Impacts of human capital, exports, economic growth and energy consumption on CO2 emissions of a cross-sectionally dependent panel: Evidence from the newly industrialized countries (NICs)

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Environmental Science and Policy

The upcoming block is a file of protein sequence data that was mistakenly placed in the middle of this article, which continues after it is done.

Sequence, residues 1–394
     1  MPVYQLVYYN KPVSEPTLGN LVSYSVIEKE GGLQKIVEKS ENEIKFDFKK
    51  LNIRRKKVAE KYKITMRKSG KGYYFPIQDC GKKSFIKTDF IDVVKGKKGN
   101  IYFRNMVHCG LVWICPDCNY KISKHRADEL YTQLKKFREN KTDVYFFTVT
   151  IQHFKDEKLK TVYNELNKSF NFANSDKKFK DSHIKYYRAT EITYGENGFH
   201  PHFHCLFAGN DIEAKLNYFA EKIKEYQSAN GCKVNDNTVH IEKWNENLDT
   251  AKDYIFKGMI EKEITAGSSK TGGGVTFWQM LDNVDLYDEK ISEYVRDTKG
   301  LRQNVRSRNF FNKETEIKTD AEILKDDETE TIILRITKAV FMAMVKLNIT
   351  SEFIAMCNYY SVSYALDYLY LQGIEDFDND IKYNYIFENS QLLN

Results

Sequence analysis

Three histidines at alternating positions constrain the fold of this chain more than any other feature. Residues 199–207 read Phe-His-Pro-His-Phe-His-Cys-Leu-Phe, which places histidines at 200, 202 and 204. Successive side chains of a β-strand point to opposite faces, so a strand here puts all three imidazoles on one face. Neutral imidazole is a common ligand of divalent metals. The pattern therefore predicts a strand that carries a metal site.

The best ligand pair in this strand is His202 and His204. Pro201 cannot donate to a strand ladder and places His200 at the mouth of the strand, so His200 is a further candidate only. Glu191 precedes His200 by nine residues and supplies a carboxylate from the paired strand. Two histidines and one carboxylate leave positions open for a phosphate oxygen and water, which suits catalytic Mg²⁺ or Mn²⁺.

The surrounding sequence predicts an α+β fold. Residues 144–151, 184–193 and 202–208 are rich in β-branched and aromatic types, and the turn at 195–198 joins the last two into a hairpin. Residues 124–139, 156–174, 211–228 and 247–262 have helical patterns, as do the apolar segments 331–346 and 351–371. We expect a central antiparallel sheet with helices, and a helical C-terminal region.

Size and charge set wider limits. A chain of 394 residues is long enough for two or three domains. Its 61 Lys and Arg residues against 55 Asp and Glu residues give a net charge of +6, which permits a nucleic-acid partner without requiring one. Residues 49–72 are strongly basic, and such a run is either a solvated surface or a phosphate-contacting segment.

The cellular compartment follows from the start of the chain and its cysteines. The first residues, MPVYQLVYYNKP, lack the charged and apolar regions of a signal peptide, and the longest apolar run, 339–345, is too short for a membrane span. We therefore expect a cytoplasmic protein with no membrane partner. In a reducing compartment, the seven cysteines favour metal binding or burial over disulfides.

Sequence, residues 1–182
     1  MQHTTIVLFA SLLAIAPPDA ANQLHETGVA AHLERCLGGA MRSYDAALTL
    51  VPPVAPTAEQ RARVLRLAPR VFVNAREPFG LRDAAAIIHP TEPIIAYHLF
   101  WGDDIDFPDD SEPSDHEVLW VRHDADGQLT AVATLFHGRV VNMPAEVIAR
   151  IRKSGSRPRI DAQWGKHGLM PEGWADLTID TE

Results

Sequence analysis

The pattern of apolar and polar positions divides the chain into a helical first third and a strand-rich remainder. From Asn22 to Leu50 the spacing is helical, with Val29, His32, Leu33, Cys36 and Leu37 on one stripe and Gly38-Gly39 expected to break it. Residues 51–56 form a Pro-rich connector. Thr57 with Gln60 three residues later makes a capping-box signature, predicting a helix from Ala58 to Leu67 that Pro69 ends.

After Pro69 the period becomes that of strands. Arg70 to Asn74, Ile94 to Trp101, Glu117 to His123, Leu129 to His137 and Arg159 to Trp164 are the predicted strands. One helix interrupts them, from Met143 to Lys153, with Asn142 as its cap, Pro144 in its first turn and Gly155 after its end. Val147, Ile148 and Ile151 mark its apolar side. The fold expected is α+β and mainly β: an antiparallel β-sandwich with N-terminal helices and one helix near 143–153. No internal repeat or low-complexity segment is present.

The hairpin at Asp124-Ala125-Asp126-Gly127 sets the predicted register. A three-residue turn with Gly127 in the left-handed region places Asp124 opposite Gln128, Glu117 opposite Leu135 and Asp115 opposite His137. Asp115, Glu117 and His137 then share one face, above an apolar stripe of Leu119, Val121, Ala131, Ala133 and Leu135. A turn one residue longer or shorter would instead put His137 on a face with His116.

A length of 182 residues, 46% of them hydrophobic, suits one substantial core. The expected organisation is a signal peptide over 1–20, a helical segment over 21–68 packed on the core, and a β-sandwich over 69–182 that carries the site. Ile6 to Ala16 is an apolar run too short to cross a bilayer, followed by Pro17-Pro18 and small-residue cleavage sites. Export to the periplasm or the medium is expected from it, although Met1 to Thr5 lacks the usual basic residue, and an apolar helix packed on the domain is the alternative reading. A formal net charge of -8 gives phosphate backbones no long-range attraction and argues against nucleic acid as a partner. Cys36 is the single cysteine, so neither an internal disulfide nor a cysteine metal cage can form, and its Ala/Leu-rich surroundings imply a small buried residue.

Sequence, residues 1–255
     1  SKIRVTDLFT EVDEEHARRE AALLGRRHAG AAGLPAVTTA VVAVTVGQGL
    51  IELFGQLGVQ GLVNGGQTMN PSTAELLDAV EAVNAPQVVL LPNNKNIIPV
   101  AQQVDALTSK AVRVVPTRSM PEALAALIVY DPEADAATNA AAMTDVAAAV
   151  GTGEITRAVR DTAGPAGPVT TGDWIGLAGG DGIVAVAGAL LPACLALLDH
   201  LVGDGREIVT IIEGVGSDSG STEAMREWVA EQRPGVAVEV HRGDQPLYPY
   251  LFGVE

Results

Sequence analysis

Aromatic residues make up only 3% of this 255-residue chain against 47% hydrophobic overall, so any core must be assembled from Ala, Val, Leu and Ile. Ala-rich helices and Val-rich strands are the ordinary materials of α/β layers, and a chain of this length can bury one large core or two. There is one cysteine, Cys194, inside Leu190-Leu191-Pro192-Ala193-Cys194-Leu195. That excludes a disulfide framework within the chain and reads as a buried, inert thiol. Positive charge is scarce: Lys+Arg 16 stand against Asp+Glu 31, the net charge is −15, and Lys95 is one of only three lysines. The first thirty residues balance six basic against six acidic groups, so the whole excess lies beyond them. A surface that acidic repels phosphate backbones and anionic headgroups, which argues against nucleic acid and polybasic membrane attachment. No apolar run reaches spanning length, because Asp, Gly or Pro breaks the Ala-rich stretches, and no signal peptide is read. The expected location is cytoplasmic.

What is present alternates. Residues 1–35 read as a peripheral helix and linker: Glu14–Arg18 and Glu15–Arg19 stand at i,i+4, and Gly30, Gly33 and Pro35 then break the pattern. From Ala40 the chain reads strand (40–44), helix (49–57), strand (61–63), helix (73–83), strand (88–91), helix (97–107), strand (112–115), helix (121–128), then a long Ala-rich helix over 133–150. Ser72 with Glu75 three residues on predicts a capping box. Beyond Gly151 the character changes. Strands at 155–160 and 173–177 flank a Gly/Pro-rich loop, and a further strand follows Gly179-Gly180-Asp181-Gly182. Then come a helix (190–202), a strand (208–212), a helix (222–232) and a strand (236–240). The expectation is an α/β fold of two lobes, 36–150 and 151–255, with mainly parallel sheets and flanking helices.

Environmental problem is a great concern world-wide which has been researched from various angles, including via the environmental Kuznets curve (EKC) hypothesis. EKC shows a hypothesized inverted U-shaped relationship between economic growth and environmental quality. As the severity of problem grows with industrial activities, this paper explores the impacts of economic growth, energy use, exports and human capital on the environmental quality of newly industrialised countries (NICs) over the period of 1979−2017. We have considered the cross-sectional dependence (CSD) issue, often ignored by most of the panel data studies. Using panel cointegration estimation technique, we have applied Dynamic Ordinary Least Squares (DOLS), Fully Modified Ordinary Least Squares (FMOLS), and Pooled Mean Group (PMG) estimation methods that address the CSD problem. Our findings exhibit the existence of CSD and long-run nexus among the variables used. In the long run, economic growth and human capital improved, and energy consumption and exports deteriorated environmental quality. The long-run elasticity for the energy variable is around one. DOLS and PMG methods provide similar results exhibiting that the effect of economic growth on CO emissions is the highest followed by energy use, human capital, and exports. The study found no evidence of the presence of the EKC hypothesis in NICs. Policy suggestions are made based on the findings. 2

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